When Will They Ever Learn: Uncle Sam is not Robin Hood

By L. Randall Wray

Memo to Obama: Don’t tie progressive spending policy to progressive tax policy. Each can stand on its own.

Reported today in the Washington Post:

Obama proposes $600 billion in new spending to boost economy

President Obama on Tuesday unveiled an ambitious budget that promised more than $600 billion in fresh spending to boost economic growth over the next decade while also pledging to solve the nation’s borrowing problem by raising taxes on the wealthy, passing an overhaul of immigration laws and cutting health costs without compromising the quality of care. Obama seeks to raise more than $1 trillion – largely by limiting tax breaks that benefit the wealthy — to spend on building roads and bridges, early childhood education and tax credits for the poor.

Here’s the conceit: Uncle Sam is broke. He’s got a borrowing problem. He’s gone hat-in-hand to those who’s got, trying to borrow a few dimes off them. But they are ready to foreclose on his Whitehouse.

Obama knows his economy is tanking. Five and a half years after Wall Street’s crisis, we still have tens of millions of workers without jobs. Even the best-case scenarios don’t see those jobs coming back for years.

Obama will leave office with a legacy of economic failure.

Belt-tightening austerity isn’t working. He wants to spend more, but he doesn’t have more to spend. He’s run up his credit tab at the local saloon and the bar-keep won’t pour another whiskey.

So he’s got an idea: let’s take from the rich, and give to the poor, homeless and jobless. Robin Hood rides to the rescue.

Look we all love Robin Hood. Almost no one outside the One Percenters disagrees with the view that the rich have too much. It is immoral. It is easy to argue that public policy ought to aim at reducing their income and wealth. And giving some to the poor.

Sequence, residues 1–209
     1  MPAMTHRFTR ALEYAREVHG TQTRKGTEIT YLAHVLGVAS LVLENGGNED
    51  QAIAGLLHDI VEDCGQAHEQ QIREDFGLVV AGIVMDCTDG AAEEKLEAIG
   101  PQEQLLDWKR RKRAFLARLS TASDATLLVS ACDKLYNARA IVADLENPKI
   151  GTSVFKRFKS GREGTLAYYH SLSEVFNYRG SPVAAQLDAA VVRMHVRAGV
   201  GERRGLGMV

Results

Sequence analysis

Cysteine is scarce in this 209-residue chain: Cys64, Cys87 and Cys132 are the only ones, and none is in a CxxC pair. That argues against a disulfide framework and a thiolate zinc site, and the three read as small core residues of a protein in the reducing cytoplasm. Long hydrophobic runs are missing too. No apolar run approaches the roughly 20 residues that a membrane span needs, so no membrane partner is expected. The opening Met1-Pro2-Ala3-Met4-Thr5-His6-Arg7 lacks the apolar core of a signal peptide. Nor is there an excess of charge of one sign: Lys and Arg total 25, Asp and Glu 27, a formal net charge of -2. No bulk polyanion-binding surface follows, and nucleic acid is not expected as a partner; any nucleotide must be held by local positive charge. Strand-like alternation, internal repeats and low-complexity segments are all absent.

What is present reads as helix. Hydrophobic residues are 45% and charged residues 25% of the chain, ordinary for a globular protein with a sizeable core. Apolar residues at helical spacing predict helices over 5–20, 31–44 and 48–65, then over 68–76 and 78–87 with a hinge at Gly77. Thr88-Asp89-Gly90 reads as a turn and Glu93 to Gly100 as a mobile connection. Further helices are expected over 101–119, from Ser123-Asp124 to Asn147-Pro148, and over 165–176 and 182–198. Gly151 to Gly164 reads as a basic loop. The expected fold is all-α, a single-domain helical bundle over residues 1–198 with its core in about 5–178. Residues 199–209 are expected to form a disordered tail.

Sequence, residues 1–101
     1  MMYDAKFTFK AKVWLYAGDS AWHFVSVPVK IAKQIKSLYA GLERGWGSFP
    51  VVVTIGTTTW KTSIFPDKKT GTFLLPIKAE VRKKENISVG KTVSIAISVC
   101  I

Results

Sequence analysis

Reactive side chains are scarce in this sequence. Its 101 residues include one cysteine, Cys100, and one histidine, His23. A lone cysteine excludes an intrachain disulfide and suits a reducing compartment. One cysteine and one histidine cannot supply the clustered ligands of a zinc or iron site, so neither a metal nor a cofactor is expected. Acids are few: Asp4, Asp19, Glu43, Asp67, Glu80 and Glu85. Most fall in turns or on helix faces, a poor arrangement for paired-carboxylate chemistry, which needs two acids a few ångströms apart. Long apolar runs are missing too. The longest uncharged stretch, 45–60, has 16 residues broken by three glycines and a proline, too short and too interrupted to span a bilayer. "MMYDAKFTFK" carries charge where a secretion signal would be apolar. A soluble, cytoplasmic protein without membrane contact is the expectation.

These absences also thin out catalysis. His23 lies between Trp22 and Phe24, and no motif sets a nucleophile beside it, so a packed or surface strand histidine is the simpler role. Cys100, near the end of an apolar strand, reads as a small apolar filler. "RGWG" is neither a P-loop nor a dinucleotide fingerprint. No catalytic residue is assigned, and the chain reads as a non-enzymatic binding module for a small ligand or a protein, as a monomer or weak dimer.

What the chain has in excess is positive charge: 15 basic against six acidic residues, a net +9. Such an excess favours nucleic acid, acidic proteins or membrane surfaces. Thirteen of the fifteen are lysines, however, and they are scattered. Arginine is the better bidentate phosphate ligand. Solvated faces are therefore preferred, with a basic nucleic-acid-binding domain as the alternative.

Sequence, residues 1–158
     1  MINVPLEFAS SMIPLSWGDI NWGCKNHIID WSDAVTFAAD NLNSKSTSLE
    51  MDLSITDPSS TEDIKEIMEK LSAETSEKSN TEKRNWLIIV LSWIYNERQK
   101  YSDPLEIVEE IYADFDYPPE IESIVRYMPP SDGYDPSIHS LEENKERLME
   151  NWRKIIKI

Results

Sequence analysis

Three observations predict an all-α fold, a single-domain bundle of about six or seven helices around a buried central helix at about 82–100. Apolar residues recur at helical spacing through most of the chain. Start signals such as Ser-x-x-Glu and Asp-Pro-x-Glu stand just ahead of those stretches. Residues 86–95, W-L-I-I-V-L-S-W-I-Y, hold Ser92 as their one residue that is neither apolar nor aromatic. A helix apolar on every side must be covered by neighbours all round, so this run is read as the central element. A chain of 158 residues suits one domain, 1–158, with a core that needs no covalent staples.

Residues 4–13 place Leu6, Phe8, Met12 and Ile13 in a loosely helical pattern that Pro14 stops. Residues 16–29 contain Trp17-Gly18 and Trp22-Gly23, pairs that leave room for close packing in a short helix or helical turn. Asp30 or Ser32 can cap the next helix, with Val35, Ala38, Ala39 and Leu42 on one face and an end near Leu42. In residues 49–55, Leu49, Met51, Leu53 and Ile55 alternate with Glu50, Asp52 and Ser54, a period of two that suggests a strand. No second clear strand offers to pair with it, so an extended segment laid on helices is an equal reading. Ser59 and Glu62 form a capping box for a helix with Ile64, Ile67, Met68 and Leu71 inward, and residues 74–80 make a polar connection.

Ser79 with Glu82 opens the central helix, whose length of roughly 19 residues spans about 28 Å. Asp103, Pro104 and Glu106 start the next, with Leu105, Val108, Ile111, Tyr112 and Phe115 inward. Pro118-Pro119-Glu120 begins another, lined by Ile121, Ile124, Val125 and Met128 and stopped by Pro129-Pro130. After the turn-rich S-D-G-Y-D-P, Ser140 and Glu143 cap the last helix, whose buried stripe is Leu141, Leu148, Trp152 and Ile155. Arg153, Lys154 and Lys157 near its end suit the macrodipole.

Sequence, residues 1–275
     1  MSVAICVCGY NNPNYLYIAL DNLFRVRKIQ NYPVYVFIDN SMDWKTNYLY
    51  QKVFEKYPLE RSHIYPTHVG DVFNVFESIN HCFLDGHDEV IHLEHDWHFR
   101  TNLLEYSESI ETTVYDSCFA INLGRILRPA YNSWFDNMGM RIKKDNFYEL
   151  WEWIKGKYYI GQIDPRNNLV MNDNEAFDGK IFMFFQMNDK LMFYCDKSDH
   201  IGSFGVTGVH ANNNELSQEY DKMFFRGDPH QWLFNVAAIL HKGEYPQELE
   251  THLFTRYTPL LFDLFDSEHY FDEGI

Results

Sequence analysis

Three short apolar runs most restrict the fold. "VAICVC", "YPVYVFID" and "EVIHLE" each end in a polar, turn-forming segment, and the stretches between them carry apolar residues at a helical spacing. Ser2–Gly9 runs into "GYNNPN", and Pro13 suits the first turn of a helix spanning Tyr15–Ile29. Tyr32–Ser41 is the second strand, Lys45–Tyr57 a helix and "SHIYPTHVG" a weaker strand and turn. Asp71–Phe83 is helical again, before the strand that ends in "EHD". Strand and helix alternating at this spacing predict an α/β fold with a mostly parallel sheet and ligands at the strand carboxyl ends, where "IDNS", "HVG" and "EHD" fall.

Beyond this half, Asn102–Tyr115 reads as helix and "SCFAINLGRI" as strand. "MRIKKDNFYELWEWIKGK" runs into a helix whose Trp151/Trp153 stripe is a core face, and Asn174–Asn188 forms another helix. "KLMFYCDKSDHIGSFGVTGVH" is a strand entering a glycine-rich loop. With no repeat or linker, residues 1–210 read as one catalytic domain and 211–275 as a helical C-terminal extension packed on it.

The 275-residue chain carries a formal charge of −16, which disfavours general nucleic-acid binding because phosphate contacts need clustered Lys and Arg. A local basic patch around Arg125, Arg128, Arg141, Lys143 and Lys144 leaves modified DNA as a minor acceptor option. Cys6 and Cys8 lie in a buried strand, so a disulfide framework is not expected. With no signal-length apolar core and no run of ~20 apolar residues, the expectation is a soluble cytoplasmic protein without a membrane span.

If you have any remaining doubt at all that the One Percenters deserve to be dispossessed of much of their wealth, take a look at this segment by Chris Hayes.  Kevin Roose crashed their obscene party and secretly recorded their shenanigans. Their hatred of the 99% just oozes from the video.

Or look here at the Mother Jones piece on the Fabulous Fab, who’s now teaching recruits at the University of Chicago for Wall Street’s fraud machine.

No lesson learned. Or, rather, they’ve learned that fraud pays. Big time.

Now to be clear, I do not know that Obama would win on a tax the rich platform; indeed, I’m not sure I even believe he wants to do it. The top One Percenters are not just Bush’s “base”—they also got Obama elected. Twice. And, of course, they are Hillary’s base, too, so get ready for a couple of years of nonstop of the inevitable.

But why link this to Obama’s plans to spend more? You then automatically ensure that anyone against “soak the rich” schemes will oppose the Robin Hood plan to “take from the rich to give to the poor”. It is bad politics to put a poison pill into your stimulus bill.

And it is bad economics, too. Doubly bad.

First, if you are trying to stimulate the economy, you don’t enact a “trillion dollar” tax increase. I do believe there is something to the “balanced budget multiplier”: if you reduce the income of those who don’t want to spend but increase the income of those who do, you will get some stimulus. But we are literally trillions of dollars of spending away from full capacity. And Obama’s plan is, apparently, to tax $1trillion and spend $600billion. Uhmmm. Can he subtract? I calculate a $400 billion shortfall. I doubt the differing spending propensities involved would make that much of a stimulus.

Second, Uncle Sam is the currency issuer. He cannot run out. He cannot become insolvent. He always spends by crediting bank accounts with High Powered Money. He never spends “taxpayer’s money”. Unless we’ve got a nation of counterfeiters, every single dollar that a taxpayer pays to Uncle Sam came from Uncle Sam.